Motorcycling is a fun sport that promises a sense of freedom and relaxation every time you hit the road with your bike. However, your riding experience depends on many external factors one of which is the road type. The quality of experience varies not just according to the condition of the road but also the way it has been built. Engineers and designers put a good thought on how the road is to be built depending on the terrain of the area. As a rider, you should know how to ride on such different types of roads. That’s what we’ll discuss today, types of roads and how they influence your riding. Learning about the different motorcycle road types can be advantageous and increase the efficiency of your ride along with making you a better rider.
Most of the examples covered in this guide are from race ‘tracks’ perspective but these road types are encountered off the track as well. You would have encountered the below road types already by now and today we’ll get into the technical bit of them. Idea is that once you get well versed with the road dynamics, you are always making correct decisions on how to go ride on them.
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Learn About the Various Motorcycle Road Types
It is worthwhile to know about motorcycle road types to accustom yourself with the road that you envisage upon. Knowing the types can set aside the important aspects from the unimportant ones and improve your riding techniques. There is a reason why some parts of the road are simpler to traverse than the others.
We all have noticed how highways are a pleasure to ride on with no difficulty associated. They have been constructed in a way that allows motorists to traverse distances without breaking bones. The designers employ sufficient reasoning to ensure safety.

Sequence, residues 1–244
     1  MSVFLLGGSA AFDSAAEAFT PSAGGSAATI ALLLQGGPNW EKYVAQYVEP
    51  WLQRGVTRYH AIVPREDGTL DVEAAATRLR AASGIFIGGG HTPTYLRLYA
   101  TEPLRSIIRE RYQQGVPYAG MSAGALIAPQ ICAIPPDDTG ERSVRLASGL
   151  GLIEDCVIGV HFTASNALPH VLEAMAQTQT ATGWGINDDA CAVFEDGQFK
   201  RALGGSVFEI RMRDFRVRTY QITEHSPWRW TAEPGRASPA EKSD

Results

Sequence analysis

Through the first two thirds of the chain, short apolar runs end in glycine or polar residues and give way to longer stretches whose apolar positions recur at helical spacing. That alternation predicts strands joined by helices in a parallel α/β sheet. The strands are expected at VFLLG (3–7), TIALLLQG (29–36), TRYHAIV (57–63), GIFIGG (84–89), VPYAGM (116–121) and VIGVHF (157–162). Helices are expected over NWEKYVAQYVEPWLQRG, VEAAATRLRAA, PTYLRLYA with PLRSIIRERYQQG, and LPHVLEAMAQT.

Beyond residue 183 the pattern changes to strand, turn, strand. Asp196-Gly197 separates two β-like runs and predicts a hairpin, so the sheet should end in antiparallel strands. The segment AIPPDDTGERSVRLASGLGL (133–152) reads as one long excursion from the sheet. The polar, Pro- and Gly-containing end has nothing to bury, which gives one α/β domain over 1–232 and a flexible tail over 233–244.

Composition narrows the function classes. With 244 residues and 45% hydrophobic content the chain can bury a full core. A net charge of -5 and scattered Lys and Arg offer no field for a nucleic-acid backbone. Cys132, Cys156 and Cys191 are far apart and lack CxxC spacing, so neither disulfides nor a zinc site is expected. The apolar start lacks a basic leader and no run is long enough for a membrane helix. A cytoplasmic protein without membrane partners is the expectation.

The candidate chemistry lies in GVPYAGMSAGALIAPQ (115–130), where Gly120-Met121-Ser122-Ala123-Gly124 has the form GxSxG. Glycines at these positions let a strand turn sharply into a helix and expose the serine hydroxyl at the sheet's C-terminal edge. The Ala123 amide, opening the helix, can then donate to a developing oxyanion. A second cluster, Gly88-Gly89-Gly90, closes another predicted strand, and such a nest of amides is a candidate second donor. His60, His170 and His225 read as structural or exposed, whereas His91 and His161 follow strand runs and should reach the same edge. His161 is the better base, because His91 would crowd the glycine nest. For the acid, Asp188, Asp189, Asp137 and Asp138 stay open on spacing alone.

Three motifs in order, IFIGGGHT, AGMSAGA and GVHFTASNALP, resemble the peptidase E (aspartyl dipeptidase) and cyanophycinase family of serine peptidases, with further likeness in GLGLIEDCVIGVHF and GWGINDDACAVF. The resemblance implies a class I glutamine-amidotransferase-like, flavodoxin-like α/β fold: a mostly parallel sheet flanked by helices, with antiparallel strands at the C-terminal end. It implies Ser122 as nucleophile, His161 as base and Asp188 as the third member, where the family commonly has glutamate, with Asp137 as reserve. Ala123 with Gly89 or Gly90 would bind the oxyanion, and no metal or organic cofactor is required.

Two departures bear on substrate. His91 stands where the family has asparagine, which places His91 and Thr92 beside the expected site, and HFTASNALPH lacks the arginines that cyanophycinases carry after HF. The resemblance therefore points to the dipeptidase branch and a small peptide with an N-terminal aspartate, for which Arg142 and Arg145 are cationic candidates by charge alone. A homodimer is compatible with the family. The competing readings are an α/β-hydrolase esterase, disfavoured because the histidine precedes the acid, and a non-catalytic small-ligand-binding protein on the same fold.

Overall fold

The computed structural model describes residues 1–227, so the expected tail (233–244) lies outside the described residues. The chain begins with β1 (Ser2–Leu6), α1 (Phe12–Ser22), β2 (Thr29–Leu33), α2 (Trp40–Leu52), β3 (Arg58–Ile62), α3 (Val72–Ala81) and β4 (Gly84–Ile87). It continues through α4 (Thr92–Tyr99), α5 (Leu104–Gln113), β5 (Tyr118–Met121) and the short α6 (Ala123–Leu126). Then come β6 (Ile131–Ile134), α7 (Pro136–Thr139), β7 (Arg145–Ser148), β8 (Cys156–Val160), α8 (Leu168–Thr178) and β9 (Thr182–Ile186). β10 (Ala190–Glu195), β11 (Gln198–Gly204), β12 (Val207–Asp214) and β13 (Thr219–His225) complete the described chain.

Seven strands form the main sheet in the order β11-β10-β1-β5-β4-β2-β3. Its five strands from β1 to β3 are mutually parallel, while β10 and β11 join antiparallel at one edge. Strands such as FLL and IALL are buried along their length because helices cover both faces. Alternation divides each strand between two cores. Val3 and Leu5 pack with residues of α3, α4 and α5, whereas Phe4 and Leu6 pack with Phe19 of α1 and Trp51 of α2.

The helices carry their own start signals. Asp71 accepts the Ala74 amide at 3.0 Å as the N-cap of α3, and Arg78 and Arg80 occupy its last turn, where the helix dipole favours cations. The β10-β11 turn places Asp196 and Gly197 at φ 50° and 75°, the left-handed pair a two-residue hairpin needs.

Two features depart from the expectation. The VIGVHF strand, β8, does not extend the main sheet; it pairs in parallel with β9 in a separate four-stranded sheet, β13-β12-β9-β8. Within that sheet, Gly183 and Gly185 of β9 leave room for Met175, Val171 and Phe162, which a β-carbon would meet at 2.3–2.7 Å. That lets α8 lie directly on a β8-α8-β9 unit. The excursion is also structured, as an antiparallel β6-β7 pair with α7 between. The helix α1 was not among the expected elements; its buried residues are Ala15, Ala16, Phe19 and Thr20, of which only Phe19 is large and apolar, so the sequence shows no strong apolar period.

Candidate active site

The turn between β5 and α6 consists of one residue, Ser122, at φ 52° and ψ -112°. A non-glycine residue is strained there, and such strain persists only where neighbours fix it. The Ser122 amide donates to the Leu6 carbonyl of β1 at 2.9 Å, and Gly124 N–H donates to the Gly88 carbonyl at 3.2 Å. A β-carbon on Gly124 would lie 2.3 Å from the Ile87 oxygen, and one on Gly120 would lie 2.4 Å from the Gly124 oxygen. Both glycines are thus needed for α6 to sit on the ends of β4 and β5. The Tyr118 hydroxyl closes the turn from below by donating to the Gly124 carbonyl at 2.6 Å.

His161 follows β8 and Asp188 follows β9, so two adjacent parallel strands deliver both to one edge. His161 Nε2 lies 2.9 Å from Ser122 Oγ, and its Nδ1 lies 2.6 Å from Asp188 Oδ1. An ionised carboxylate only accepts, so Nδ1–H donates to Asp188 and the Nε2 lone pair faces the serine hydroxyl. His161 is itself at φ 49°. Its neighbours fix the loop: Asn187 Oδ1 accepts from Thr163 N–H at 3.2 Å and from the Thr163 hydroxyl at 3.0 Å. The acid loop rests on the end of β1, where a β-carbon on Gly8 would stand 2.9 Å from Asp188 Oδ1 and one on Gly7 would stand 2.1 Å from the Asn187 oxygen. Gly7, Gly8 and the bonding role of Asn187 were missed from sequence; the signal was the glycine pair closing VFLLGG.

The racetrack, on the other hand, is designed with an entirely opposite ideology. Convenience is the last factor to be considered while zeroing on the design and construction of the track. The designers employ utmost care in designing a track that purposely fools the rider and creates challenging situations to test their riding techniques. A track that ensures a course of changing dynamics for the rider accomplishes this purpose.
The most difficult sections are where you encounter hairpins, generally following the straight patches or S turns. The corners ensure to interrupt your flow and momentum in unsuspected situations through various changes in camber and radius. The difficulty increases as the turns are dodged faster.
Motorcycle road types differ from each other based on following five major changes.
1. Change in camber
The road can be constructed using a positive or negative camber. This refers to the construction in a way that either the inside is at a higher level than the outside or the road can be absolutely flat. The design of the turn may involve one or more camber turns.
2. Change in radius
Turns may be designed in a manner that may cause the radius to increase, decrease or stay constant. Or a combination of all three may also be employed. Increasing radius refers to a turn that opens up towards the end and decreasing radius indicates tightening towards the end. A constant radius defines a turn in shape of a perfect half circle.
3. More than one turn in a go
Turns dependent of each other, placed in continuation put forth the decision of the point of exit based on the course taken upon the entry. The camber and radius changes may be an application in the series of turns.
4. Change in elevation
A track is changed by making it uphill, downhill or crested. The addition of elevation and various points or turns causes the changes.
5. Straight segments
There are various sections on the road that require minimum or no turns. Changes in elevation may be incorporated in these segments.